Leisure in adolescence : youths' activity choices and why they are linked to problems for some and not others

University dissertation from Örebro : Örebro universitetsbibliotek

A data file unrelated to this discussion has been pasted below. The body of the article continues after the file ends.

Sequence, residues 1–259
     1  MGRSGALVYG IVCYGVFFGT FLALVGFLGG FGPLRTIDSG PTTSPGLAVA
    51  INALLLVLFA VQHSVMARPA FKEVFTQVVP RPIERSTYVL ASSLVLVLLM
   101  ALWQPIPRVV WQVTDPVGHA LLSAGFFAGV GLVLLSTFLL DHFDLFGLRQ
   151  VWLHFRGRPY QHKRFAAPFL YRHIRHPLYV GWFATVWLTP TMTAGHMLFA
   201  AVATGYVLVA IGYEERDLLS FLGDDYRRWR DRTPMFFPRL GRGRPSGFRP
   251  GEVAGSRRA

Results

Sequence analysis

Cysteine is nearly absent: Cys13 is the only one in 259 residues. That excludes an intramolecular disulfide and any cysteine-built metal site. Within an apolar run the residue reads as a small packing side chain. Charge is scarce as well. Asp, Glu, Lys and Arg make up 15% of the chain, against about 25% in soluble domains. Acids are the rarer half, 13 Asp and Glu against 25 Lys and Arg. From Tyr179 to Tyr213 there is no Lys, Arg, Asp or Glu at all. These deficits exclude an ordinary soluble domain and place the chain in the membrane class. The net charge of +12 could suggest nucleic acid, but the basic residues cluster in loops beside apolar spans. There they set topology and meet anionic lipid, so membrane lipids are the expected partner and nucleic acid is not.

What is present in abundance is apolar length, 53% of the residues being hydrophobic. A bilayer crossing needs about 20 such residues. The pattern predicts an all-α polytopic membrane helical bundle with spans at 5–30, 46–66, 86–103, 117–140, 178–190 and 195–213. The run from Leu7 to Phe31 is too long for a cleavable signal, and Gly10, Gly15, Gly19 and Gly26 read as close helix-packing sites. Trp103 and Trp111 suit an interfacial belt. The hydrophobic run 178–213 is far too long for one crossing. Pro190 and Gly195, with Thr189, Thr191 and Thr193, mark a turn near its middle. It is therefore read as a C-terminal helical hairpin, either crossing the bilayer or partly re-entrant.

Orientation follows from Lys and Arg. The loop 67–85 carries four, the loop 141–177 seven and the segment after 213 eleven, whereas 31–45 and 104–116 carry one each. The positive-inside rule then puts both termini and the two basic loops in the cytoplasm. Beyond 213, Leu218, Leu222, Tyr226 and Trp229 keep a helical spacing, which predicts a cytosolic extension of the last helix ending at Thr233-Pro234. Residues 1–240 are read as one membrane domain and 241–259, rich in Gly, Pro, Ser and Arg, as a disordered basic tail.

Abstract: Adolescents spend a great amount of time engaged in different leisure activities. Some of the activity choices they make can put them at risk for negative socialization. In particular, peer-oriented, unstructured activities such as hanging out on the streets or at neighborhood recreation centers have been linked to problem development. This dissertation examined these choices and their consequences. I had four main aims. The first was to examine whether attending youth recreation centers is linked to normbreaking for girls as it is for boys. The results from Studies I and II show that it is. The second aim was to examine why youths gravitate to peer-oriented, unstructured contexts. Study II tested ideas involving family and personality. Concerning family, the idea was that youths who have negative experiences associated with the adult-led family context will gravitate towards leisure contexts that are characterized by the absence of adults. Concerning personality, the idea was that youths high in personality characteristics such as impulsivity and thrill-seeking will be attracted to unstructured leisure contexts that lack adult influence. Both of these ideas were supported (Study II). The third aim of this dissertation concerned moving from structured to unstructured activities. The question was why some youths stay in structured activities whereas others move to unstructured activities. Study III tested ideas involving family and peers. Concerning family, the idea was that youths with negative experiences at home will gravitate away from structured contexts and towards unstructured contexts. The findings in Study III were consistent with this idea. The other idea was that youths gravitate to their peers over time—youths whose peers are in structured activities will stay involved over time whereas those whose peers are not in structured activities will move away from structured activities. The results of Study III supported this idea. Thus, concerning why youths move away from structured activities, Study III suggests that both parents and peers play roles. The final aim of this dissertation was to examine potential explanations why peer-oriented, unstructured contexts are linked to problems for some youths but not others. The results from Studies I and II suggest that peer socialization is important. Girls who attended youth recreation centers and were involved with peers and boys were particularly high in normbreaking. These results held when controlling for negative experiences at home and personality characteristics (Study II). The results of Study III suggest that family relationships are important. Youths with close family ties were less prone to delinquency even if they started loitering on the streets. Thus, parents and peers both seem to be involved in whether peer-oriented, unstructured contexts are linked to problems. Overall, these studies have revealed much about the mechanisms involved in leisure context choices and why they are linked to problem behavior. The lessons to be learned are that to understand the choices youths make about their leisure time and the consequences of those choices, it is fruitful to apply a broader perceptive and consider both the youths’ own characteristics and the social world surrounding them.

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